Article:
Unfollowing Brands, Following People

There are a lot of posts and programs out there that tell you how to grow your following on your blog, on Twitter, and on Instagram. Most of those talk about creating and curating your personal brand, so that everyone who sees something of yours will know that it came from you without even looking at the account handle. And, of course, a lot of people who listen to this advice want to monetize their social media presence.

First of all, let me say: if that's what you're trying to do, rock on. Get it, girl. Hustle, as they say. (I don't say that. But it is said.)

Second, I'll absolutely admit that I'm probably not your target audience if that is what you're trying to do, so you probably won't care about what comes third.

But here's what comes third: I just had an urge to go through everyone I follow on Instagram, and I ended up unfollowing everyone whose accounts I don't enjoy looking at or engaging with. Without agenda, almost everyone I unfollowed was either actually a brand or a person who has made an effort branding herself (or, in rare instances, himself). If I read a handle and couldn't think of a single personal thing about the account holder, I unfollowed that account.

I unfollowed accounts whose Instagrams look like they belong in magazine editorials.

I unfollowed accounts that don't post any "real life" photos.

I unfollowed accounts who make a overwhelming effort to grow their followings or satisfy sponsors.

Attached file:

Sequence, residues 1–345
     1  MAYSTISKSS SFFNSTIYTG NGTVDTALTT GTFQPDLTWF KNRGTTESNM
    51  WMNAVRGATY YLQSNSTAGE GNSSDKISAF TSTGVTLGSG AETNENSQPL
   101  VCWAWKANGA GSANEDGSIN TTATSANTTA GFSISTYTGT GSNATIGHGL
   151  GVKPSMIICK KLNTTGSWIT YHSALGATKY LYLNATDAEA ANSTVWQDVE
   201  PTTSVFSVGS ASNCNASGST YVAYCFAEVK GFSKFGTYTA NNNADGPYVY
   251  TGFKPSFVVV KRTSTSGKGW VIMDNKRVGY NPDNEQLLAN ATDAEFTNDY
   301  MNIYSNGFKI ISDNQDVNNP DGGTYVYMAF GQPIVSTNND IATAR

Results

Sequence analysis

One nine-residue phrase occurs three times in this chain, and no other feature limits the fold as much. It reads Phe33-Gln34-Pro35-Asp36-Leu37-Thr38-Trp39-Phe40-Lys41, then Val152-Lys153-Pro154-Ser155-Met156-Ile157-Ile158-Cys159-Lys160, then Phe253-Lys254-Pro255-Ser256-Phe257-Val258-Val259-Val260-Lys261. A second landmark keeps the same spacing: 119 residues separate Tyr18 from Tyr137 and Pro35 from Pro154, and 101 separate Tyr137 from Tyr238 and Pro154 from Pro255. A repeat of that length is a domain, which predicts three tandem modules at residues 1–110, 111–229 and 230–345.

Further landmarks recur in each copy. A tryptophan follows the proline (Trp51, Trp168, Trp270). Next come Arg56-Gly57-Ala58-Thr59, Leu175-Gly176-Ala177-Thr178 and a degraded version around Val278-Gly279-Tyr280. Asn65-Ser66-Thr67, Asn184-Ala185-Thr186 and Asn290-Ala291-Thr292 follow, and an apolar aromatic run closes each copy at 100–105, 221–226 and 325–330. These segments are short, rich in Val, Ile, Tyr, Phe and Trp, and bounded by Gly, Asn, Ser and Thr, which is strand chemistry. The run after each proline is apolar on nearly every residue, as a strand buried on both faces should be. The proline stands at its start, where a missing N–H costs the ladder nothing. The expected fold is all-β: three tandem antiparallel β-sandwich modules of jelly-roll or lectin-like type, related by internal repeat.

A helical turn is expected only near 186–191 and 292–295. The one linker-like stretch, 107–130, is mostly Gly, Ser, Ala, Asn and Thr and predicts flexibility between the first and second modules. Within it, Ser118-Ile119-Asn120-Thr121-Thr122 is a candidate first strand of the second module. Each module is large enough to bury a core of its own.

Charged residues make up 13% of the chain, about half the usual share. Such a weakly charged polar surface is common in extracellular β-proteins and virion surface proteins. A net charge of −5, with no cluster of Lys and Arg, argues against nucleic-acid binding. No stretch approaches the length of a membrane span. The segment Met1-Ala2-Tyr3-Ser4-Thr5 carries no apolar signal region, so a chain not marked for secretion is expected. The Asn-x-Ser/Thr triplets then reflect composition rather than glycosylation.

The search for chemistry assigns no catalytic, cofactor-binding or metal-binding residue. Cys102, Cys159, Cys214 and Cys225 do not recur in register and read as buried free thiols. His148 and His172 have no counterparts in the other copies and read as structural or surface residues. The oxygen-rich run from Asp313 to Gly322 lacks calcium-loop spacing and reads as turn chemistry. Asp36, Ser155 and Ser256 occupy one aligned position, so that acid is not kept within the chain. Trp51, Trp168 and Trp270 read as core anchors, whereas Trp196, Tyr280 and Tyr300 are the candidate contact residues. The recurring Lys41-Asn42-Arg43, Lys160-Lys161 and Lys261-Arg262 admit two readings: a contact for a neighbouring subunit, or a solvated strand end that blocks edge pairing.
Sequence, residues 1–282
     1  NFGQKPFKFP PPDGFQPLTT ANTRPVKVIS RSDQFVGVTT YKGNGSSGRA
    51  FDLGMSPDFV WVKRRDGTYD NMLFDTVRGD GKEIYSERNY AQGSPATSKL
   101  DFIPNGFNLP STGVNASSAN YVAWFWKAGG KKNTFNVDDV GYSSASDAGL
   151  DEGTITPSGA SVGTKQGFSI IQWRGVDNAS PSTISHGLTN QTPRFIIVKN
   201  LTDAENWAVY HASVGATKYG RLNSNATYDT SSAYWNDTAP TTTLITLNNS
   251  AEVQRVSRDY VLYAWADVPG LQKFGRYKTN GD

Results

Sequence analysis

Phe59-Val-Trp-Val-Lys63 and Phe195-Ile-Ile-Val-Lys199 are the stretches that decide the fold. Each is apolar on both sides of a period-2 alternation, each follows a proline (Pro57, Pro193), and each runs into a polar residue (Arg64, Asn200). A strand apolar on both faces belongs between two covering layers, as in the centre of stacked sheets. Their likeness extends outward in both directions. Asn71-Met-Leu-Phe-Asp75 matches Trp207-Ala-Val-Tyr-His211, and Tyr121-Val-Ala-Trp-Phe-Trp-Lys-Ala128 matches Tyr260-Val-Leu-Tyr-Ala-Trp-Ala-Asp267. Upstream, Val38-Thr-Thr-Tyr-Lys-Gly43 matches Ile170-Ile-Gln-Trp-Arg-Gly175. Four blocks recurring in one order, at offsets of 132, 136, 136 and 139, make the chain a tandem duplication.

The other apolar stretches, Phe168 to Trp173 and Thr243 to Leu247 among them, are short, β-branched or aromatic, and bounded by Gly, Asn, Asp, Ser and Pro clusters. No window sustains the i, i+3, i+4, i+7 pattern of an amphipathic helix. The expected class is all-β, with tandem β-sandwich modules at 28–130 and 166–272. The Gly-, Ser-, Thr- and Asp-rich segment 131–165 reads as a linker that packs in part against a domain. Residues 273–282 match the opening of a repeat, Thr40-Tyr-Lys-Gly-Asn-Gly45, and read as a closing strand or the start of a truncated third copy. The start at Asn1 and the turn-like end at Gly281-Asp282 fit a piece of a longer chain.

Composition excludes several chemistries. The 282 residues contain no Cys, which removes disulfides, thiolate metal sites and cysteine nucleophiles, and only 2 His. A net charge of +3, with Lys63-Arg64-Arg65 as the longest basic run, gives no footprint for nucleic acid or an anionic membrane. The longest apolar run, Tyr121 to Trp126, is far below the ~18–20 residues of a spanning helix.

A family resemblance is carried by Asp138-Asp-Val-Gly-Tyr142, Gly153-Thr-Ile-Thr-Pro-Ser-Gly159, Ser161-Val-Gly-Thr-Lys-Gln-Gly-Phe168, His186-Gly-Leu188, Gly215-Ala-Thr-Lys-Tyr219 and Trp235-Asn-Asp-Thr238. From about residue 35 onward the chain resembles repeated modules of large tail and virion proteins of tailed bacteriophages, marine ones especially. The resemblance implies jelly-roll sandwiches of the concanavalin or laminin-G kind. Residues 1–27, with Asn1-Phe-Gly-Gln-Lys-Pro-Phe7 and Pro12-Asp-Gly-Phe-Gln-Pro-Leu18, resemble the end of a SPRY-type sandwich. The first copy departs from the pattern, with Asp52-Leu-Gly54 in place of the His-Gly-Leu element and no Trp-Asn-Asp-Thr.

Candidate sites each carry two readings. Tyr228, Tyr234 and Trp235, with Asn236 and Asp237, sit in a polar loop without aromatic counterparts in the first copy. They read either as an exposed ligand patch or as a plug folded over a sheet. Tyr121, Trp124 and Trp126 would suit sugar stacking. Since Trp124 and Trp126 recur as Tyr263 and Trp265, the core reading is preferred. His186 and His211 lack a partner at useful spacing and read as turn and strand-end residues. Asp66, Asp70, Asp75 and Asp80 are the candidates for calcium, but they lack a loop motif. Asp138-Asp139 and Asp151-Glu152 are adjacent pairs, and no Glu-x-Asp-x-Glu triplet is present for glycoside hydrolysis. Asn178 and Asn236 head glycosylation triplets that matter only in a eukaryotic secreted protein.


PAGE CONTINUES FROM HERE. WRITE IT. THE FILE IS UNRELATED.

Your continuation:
Of course there are some exceptions to this. I still follow a few actual companies I love, companies that have great customer service both offline and on, like Room and Board, Rugs USA, Crane & Canopy, and Boden. And I still follow some internet friends who are also entrepreneurs and make a living online and by advertising online, like Kristen and Heidi and Lauren and Megan. But people - not social media managers, but private individuals - who commercialize themselves and filter out everything human... those are the ones who were unfollowed the fastest.

I don't care what your grid looks like. I don't care that your lighting isn't always perfect. I don't care that you only edit photos in Instagram and found out that people edit photos for Instagram in multiple apps before posting them to Instagram by reading one of those "how I edit photos for Instagram" blog posts.

I care that I know your dog twitches in his sleep because you posted that silly video of him chasing rabbits in his dreams. I care about the beef stew that you posted even though it looked disgusting because, in the caption, you explained that it's your boyfriend's favorite meal. I care that sometimes you take a photo of your shoes because they're cute and they make you happy, not because you're angling for a free pair or fulfilling a sponsorship agreement.

I care that your selfies are usually face-on, your eyes smiling straight into mine instead of staring demurely at some invisible point on the floor just under your left shoulder. That's the relationship I want with the people I spend time with online. The one where you're you, sharing yourself. Not your brand.